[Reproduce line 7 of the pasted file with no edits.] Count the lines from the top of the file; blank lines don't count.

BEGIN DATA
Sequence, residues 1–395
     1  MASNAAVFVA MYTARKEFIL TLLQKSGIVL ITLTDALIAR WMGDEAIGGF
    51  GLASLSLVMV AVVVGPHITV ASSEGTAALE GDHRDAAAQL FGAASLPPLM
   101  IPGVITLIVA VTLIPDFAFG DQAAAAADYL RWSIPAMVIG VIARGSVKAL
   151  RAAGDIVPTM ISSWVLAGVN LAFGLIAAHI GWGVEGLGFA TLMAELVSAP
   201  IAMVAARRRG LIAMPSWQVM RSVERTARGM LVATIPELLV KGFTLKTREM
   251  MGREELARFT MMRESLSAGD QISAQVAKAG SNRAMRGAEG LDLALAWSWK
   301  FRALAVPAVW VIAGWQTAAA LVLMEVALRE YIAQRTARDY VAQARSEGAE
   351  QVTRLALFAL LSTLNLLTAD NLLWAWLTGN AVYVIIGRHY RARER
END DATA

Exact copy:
   251  MGREELARFT MMRESLSAGD QISAQVAKAG SNRAMRGAEG LDLALAWSWK